Scholarly Journal Articles about the Asian Tiger Economies: Authors, Journals, and Research Fields, 1986-2001





By



Trinity University
San Antonio, TX 78212


and


Trinity University
San Antonio, TX 78212










May 2002



Scholarly Journal Articles about the Asian Tiger Economies: Authors, Journals, and Research Fields, 1986-2001


I. Introduction.
The “Asian Tigers” arrival into the world economy has been extraordinary. Hong Kong, Indonesia, Malaysia, Singapore, South Korea, and Thailand have experienced dramatic changes over the past 20 years. Their economies have fundamentally changed from traditional agriculturally based societies to rapidly growing newly industrialized nations. Their incredible rates of growth were accompanied by significant structural changes. While most of the change has been positive, from time to time these nations have been rocked by economic “growing pains.” These transformations of the South East Asian economies have attracted considerable attention in popular and scholarly publications.
This paper extends bibliometric research into an area neglected thus far: the East Asian economies. It also extends bibliometric research itself in a new direction by investigating how economics literature responds to changes in the underlying economies. There were approximately 4,200 scholarly articles written about the East Asian economies that were indexed by the Journal of Economic Literature from 1986 to 2001 and included on the CD-ROM EconLit. This paper studies the economic literature about each of the major East Asian nations individually and for all of them combined. In addition, the paper presents a Who’s Who of this literature by identifying the leading authors, journals, and research fields. Concentration of articles among journals and authors is also explored in detail. Then the literature trends about the Asian Tiger economies are contrasted with those of other emerging market economies (Czech Republic, Hungary, Mexico, and Poland) and a developed market economy (Italy). Finally, the study attempts to find parallels between the growth in articles and the growth of the economies.

II. Data.
The data source for this study is EconLit, the CD-ROM database of the Journal of Economic Literature. Over 200,000 articles from over 600 scholarly journals from many countries and social science disciplines appear in this source from 1986 to 2001. For each country, articles were selected on the basis of whether they contained such words as “Thai,” “Thailand”, “Malay,” and “Malaysian” in the article’s title, geographic indicator, subject descriptor, or abstract. Some 4,277 articles met these criteria. Where the record for an article indicates two or more countries, one article was counted for each country. Because 623 of the articles examined more than one of the countries, the total number of unique articles used in the study totals 3,654.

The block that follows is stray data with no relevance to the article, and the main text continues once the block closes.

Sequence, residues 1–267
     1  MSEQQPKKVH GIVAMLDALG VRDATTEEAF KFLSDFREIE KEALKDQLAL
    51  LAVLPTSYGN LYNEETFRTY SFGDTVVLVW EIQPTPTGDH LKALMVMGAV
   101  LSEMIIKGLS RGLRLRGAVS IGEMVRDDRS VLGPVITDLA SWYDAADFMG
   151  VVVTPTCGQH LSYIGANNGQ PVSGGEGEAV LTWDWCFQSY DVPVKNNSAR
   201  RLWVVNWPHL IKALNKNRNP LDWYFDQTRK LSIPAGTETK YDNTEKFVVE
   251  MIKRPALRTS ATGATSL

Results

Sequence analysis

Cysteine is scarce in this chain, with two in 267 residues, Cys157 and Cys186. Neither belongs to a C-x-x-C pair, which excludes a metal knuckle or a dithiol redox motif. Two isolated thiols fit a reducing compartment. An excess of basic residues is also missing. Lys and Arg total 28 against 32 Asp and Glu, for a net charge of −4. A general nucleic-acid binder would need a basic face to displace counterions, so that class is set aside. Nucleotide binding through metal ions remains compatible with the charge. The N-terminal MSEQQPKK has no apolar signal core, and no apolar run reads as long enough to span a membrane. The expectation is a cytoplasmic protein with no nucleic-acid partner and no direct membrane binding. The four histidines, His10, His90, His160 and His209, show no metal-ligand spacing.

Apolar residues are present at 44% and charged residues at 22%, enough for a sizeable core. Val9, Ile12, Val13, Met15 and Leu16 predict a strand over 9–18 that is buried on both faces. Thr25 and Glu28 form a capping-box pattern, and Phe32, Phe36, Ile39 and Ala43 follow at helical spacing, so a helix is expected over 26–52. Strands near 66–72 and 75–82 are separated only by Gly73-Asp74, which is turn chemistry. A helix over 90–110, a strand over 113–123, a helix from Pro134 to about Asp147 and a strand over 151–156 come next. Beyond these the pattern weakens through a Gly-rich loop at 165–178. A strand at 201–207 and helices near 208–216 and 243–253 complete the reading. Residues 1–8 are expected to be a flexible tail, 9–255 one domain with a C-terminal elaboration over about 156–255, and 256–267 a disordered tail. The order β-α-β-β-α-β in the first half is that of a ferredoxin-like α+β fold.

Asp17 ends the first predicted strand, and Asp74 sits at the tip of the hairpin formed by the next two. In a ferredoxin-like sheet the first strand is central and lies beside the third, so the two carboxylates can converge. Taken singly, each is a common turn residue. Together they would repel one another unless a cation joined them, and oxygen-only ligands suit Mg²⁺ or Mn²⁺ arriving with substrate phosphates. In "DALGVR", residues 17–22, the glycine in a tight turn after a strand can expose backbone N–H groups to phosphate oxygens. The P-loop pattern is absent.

III. Trends and Cycles of Publications
It is clear that over the past 25 years economists have found a fertile ground for research in the East Asian economies. As Figure 1 shows, the annual output of articles in scholarly journals about these economies grew much faster than all articles in economics. In terms of each of these nations, the South Korean economy captured the most attention, followed by Indonesia, Hong Kong, Singapore, Malaysia, and Thailand.

Country Articles Journals Authors
South Korea 1,171 306 1,254
Indonesia 732 166 714
Hong Kong 671 223 773
Singapore 613 206 678
Malaysia 591 202 682
Thailand 499 190 652

Table 1 and Figure 2 describe the growth and annual variations in the numbers of journal articles about the Tiger economies from 1986 to 2000. As stated earlier, the economies of South Korea and Indonesia garnered the largest number of articles at the beginning of the period and maintained the lead at the end. For the six economies, the number of articles ranged from 11 to 29 in 1986 and from 61 to 106 in 2000. The number of articles showed no trend for all six countries from 1986 to 1992, with small declines offset by gains. After 1992-93, the number of articles for each country followed an upward trend, with minor declines for at least one year before 2000. Because lags exist between publication and listing in the database, the figures for 2001 are clearly understated and we ignore them in our analysis of trends and cycles. It may be that the declines for some of the countries in 2000 also represent delayed reporting. However, that publications about these economies grew sharply after 1993 is unmistakable.
Relative growth rates are best seen in Figure 3 with articles for each country represented by an index number based on 100 in 1986. From 1986 to 1993, the growth rates are bunched together, after which they fan out. Hong Kong is